The New York Mets can't escape the drama or at least the straw that stirs it. This past weekend was rough enough getting beaten so badly by the Atlanta Braves. Add in Pete Alonso being called toxic with no real merit or proof. Sprinkl in the latest Justin Verlander claim of him being a "diva.” We have a team headlining the back pages for behavior behind the scenes and not the results on it.
Mike Puma of the NY Post was undefeated this weekend as he dove deeply into the team's chemistry and any potential thoughts members of the roster had about it. He got a variety of answers. Francisco Lindor speculated there wasn't a moment early on to bring them together like last season with a few brawls. Others like Brandon Nimmo didn't admit to any issues within the locker room. Some of this could be a matter of perspective. What one sees toxic, another may view as normal. Tough love or busting someone’s chops can be interpreted differently.
We may not know all or any of the truth. One thing we can admit to: bad chemistry didn't create the losing. Losing just piled on top of an already extinguished team.
The NY Mets aren’t scarred like that because they don’t get along, they just underperformed as individuals
What makes good chemistry in a locker room anyway? Apparently being former teammates doesn't matter. As Puma shared, Verlander and Max Scherzer weren't on the best of terms dating back to their days with the Detroit Tigers. They both tried to make it work. And while Scherzer may have had some things to say about Verlander according to the anonymous source Puma got some juicy information from, it's not what led to the team's downfall.
From 2019-2022, there were regular positive stories about players supporting each other. The vibe felt good. Dominic Smith became Pete Alonso's biggest cheerleader. The 2021 bench bonded and picked up the team constantly throughout the year. Chris Bassitt, as Puma acknowledged, seemed to really take a liking to showing the younger pitchers what he knew.
Negativity following the NY Mets is nothing new
Much more revealing from Puma's story are the comments Verlander made about the Mets' analytics department. Maybe there was a nicer way for him to present how he felt. It sounds like Verlander rubbed some people the wrong way ealy on, but even if he did, his slow start was much more vital to the cave-in the Mets experienced.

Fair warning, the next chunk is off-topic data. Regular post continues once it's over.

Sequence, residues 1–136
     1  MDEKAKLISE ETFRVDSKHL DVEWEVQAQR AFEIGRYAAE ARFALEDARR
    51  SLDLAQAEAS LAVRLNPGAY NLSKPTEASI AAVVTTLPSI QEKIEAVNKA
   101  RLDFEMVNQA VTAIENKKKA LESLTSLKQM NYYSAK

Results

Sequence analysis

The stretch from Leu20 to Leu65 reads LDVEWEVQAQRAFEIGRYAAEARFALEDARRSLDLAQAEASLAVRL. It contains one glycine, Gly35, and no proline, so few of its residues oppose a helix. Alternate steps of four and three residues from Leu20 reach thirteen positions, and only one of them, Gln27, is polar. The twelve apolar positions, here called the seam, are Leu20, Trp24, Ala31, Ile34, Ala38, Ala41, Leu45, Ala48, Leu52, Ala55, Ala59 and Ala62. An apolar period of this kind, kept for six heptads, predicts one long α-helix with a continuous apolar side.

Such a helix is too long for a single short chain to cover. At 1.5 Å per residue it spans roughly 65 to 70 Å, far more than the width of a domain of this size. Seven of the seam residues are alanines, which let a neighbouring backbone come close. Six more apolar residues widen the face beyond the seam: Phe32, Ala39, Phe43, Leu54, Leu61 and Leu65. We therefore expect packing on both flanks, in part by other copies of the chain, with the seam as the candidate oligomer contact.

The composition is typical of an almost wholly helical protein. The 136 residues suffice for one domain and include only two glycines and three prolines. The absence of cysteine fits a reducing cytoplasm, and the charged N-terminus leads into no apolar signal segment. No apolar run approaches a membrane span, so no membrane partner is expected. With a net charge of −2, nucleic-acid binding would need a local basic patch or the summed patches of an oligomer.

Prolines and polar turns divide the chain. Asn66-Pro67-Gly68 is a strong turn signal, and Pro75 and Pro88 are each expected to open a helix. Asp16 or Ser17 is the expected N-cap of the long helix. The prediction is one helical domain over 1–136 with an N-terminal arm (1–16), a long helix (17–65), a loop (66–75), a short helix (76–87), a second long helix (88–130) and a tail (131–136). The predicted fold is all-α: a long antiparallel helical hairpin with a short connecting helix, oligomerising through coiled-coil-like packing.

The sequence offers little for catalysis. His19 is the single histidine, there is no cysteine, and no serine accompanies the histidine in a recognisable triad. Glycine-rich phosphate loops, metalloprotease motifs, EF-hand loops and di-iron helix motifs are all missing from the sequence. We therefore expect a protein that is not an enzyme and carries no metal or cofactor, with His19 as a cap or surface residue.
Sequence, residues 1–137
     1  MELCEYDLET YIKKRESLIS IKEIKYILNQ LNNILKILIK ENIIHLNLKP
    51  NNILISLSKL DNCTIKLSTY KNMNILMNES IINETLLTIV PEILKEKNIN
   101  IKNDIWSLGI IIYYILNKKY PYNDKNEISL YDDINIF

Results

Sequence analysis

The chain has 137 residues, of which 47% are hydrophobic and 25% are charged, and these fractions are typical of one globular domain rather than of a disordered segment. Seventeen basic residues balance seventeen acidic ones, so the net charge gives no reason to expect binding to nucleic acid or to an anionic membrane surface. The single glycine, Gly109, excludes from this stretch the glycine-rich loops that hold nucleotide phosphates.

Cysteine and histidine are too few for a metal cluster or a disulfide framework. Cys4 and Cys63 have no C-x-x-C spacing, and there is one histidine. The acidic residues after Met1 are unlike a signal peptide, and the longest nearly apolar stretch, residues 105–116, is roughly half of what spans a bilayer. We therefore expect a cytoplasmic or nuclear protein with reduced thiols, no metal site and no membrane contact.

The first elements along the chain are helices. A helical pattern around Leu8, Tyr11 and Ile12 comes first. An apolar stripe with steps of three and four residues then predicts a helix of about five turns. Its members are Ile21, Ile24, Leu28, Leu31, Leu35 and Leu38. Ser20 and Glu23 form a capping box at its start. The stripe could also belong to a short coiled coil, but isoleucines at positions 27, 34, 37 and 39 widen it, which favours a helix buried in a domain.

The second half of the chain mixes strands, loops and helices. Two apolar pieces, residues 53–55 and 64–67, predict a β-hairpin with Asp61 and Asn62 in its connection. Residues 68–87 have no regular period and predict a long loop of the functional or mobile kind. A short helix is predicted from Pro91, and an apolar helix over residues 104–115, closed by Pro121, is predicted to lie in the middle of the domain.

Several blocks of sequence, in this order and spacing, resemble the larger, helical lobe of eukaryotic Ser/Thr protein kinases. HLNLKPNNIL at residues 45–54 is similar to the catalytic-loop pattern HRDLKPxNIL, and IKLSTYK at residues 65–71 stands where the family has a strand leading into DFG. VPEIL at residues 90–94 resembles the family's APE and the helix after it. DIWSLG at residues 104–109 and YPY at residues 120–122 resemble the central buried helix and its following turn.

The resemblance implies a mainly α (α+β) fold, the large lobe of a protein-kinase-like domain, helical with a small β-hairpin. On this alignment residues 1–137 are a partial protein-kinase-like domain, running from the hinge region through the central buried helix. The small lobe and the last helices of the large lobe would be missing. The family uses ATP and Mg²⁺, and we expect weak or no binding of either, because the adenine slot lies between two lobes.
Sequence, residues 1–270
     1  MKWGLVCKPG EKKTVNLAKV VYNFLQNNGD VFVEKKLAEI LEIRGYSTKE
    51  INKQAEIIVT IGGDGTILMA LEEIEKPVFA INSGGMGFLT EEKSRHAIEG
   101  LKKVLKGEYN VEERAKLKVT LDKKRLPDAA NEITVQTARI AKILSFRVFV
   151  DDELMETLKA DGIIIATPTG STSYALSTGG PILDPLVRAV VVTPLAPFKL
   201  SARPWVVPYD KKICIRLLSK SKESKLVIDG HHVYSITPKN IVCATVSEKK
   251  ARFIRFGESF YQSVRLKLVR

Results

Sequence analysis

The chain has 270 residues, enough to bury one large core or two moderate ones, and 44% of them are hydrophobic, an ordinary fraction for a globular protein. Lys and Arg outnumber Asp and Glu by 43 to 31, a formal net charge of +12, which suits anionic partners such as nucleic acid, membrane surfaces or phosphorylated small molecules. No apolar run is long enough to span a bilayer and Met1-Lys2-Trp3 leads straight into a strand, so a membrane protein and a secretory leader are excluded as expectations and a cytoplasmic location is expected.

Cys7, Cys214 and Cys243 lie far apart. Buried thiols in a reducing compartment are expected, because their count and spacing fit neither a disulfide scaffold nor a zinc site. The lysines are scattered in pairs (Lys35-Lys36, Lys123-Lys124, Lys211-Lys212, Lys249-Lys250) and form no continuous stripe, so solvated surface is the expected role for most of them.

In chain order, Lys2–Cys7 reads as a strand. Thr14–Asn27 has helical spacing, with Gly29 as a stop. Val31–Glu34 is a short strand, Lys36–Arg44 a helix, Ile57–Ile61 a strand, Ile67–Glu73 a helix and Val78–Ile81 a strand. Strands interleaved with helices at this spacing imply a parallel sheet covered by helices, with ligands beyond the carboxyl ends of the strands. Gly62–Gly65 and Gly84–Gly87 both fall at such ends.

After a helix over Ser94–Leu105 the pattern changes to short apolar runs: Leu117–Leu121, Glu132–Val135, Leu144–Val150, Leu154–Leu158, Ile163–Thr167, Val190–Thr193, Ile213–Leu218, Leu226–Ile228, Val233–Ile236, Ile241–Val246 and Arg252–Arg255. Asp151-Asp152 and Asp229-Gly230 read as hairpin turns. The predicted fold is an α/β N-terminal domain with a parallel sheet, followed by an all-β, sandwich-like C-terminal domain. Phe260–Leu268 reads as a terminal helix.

Constant negative reactions by former players doesn't help. This year we've heard J.D. Davis and more recently James McCann say they felt like they weren't given a fair chance with the team. Only Davis has some justification for the comments although even he struggled to win the DH role last year. Enter the nightmare, Darin Ruf. Zack Wheeler and Marcus Stroman have had things to say as well upon departing. Noah Syndergaard couldn’t wait to troll the Mets.
Ironically, Verlander has spoken glowingly about the team since leaving. Preemptive damage control? A reaction to differentiate himself from Scherzer who drew negative reactions from the fans? It was a smart move on his part regardless of how genuine it was.
This has been a weird year in every way for the Mets. They avoided the drama until recently. Many fans were still believing up until they sold at the trade deadline. There was no early season ratcoon incident to suggest anything was wrong between players although they’ve felt less close compared to last year.
Like any workplace, some people will get along and others won't. Last year's Mets probably just had spectacular chemistry to the point where they were even able to uplift Eduardo Escobar throughout his nearly year-long slump. This season, with everyone struggling, it's much tougher. How do you call out a teammate when your own performance is subpar? And if you're the only voice speaking up, it could come across like you're a diva.
The Real Worst Team Money Could Ever Buy should air the dirty laundry. Who gets to write the foreword?